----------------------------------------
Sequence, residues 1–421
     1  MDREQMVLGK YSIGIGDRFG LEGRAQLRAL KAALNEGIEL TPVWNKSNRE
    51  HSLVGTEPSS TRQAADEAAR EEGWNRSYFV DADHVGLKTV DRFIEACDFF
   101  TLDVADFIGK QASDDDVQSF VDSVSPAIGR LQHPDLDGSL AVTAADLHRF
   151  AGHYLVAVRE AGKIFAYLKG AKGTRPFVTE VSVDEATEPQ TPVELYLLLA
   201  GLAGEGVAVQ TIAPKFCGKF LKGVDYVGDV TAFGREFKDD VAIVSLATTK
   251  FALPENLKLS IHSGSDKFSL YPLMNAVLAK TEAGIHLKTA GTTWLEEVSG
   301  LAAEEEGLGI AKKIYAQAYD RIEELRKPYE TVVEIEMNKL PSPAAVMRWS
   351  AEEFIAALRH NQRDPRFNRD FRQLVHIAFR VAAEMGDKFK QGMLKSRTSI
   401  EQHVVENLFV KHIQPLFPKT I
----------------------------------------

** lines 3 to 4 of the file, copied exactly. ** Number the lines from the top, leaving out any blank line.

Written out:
    51  HSLVGTEPSS TRQAADEAAR EEGWNRSYFV DADHVGLKTV DRFIEACDFF
   101  TLDVADFIGK QASDDDVQSF VDSVSPAIGR LQHPDLDGSL AVTAADLHRF